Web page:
Archive for October, 2021

“Radical Hospitality,” (Sermon, October 17th 2021)

O God, may I speak each day according to your wisdom, and in each woven thought, be our wind and our star. Amen.

Last week I was finally able to have my first home visit with a new friend. She was recently baptized into the Coptic Orthodox Church, and I had bought her a little gift, so we arranged to meet at her place and have dinner together.

When I arrived, she was busy in the kitchen cooking a big pot of muttar paneer, which she served with naan. She then disappeared into her walk-in pantry asking me what I wanted to drink. She had so many options! I chose cider. We decimated everything.

After the main course, she fixed me a cup of herbal tea from David’s, and I commented that it smelled exactly like an After Eight chocolate.

“OH I have those!” she exclaimed, and brought them over.

Those of you who are or have friends of Middle Eastern and Central Asian descent can probably predict what happened next.

It didn’t end there. She had more treats: a slice of pineapple cheesecake! A glass of orange juice! Fruit and wine! She offered all of it with abandon.

And it didn’t even end there. She put two neck warmers in the microwave – one for her and one for me. She had some skin cream she wanted to try, so she brought the tube over so we could both use it. She had a bag of scarves her sister had given her and encouraged me to take what I wanted.

As I’ve made friends within the Sufi community where I met her, I’ve been astonished by the hospitality displayed to total strangers as well as friends, no matter what economic station one occupies in life. I still laugh about the time I went to dinner with three friends – one Turkish, one Syrian, and one Pakistani – and sneakily managed to pick up the cheque, and how I really thought they were going to murder me when they found out! Anyone who’s ever met someone from those cultures knows the dance of, “No please, I insist.”

Image description: A large round dish containing knafeh, a golden brown spun pastry and cheese dessert topped with pistachio and cashew. Served to me in Nablus, Palestine.

Personally, while I know plenty of individual Western folks who are similarly oriented, it’s not something I’ve ever expected as a matter of course, and even when it is displayed, it’s not usually as extravagant.

I was thinking of this as I read today’s Gospel passage. Jesus was from a culture of extravagant hospitality. The foundational Jewish myths he grew up with show Abraham entertaining angels and a widow offering her last loaf to Elijah. When sending out the disciples, Jesus confidently told them to depend on the kindness of strangers, who offered hospitality to travelers as a matter of course.

In Chapter 10, Jesus has just taught the disciples that only those who are like little children will enter the Kingdom of God, and those unwilling to sell all they own cannot enter. Finally, they turn toward Jerusalem, and for the third time Jesus explains what is going to happen to him there. Today’s reading begins immediately after that moment.

I’m always shocked by the presumptuousness of James and John here. They’re as clueless as Peter but seem to lack his humility. Looking at this scene through that cultural lens, this is incredibly inappropriate. The normal posture of students is one of humility, obedience, and deep listening. The anger of the other disciples is perfectly in keeping with their cultural milieu.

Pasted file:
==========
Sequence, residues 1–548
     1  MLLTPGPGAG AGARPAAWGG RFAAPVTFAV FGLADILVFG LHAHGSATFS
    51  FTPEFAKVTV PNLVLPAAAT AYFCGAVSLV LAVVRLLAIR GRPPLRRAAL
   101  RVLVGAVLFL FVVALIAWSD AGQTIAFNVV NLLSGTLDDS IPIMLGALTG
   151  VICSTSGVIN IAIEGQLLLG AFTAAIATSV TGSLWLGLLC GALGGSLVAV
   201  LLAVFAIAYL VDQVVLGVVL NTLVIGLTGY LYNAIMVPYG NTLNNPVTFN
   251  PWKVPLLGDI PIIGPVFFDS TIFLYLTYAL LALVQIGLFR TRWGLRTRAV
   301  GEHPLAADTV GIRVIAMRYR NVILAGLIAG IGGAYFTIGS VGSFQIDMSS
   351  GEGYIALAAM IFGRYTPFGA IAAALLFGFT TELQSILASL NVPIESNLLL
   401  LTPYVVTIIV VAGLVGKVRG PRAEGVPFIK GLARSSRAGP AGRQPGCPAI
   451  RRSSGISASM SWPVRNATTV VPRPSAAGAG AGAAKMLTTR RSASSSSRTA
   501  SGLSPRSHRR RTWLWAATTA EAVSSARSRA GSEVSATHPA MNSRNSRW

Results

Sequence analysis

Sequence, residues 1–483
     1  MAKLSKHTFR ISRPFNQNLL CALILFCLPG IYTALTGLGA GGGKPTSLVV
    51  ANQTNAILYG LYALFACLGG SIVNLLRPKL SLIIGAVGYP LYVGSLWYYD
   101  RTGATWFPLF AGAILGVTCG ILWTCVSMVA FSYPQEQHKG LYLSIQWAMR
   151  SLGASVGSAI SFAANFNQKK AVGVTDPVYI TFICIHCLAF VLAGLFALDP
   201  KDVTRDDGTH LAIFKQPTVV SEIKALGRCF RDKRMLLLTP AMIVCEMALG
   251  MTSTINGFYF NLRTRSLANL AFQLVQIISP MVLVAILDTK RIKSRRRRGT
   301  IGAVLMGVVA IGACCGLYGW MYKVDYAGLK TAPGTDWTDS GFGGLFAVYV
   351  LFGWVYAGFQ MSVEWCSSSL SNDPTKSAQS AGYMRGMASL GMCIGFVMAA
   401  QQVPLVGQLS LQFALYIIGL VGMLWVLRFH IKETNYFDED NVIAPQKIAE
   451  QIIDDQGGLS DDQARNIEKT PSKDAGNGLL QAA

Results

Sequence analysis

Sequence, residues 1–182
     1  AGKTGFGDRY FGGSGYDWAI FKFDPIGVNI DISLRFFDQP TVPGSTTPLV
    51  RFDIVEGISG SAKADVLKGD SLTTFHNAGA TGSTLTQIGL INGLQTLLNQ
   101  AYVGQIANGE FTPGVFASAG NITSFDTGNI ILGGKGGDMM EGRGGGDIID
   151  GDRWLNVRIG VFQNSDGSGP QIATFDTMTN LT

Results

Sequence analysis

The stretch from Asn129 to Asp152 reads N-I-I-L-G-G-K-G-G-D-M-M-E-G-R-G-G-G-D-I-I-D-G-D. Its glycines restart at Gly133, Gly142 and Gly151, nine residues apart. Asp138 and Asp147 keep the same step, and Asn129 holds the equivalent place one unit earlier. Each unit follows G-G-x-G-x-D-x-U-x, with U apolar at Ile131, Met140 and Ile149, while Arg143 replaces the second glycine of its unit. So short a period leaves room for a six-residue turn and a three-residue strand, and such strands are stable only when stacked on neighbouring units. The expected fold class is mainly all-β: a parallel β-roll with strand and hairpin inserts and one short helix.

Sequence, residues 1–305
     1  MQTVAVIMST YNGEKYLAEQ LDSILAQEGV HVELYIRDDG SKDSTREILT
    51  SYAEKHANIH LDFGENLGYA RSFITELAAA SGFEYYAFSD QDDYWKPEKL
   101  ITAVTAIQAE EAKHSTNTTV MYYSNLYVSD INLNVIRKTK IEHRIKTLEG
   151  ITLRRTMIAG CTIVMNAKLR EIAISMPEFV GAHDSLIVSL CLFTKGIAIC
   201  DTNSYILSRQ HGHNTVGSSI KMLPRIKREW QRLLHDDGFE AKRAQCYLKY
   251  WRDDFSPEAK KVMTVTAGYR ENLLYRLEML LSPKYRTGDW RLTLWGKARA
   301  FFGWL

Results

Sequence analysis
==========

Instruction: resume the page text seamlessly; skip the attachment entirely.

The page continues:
Mark often depicts the disciples in an unflattering light, but we can also read this moment as a sign that Jesus’s teaching is working. It’s become clear over the course of several chapters that Jesus wants to challenge traditional social conventions. Back in verse 29, he told the disciples that those who left behind their families will receive “a hundredfold now in this age.” He wants to create a new community based in service and mutual love. A chosen family. And he’s shown the disciples, many times, that he is a powerful healer, and can provide bread for all who hunger, with leftovers, yet! This is someone who truly owns and uses his privilege well!

Who wouldn’t want to sit at the right and left of someone like that?

This isn’t a fanciful reading if we take note of Jesus’s response to James and John, which is not, “How dare you order me around?” but “What is it you want me to do for you?”

Even in this moment, he is showing them that he’s different. He’s doing something new. Again, he owns and uses his privilege well. Maybe what they want is totally within his power. Even if you’re the kind of person who believes Jesus was omnipotent and knew everything, he still wanted to model this new way of leadership for them. He reads them generously. He offers hospitality.

But they prove that they still don’t understand how this community is to be built.

And he still acts as a gentle host. He doesn’t say, “Haven’t you knuckleheads been paying attention?” He doesn’t take out his red pen and write F across their foreheads. Whenever I read this passage, I imagine his tone becoming so, so gentle.

“You do not know what you are asking.”

The cup that Jesus drinks is the drink of ultimate hospitality: the laying down of one’s life for others. The baptism with which he was baptized is the baptism of dying to oneself in order to live for God in service to the world, of offering up what you would normally only do for those you loved the most to not just everyone, but everything. The whole created universe.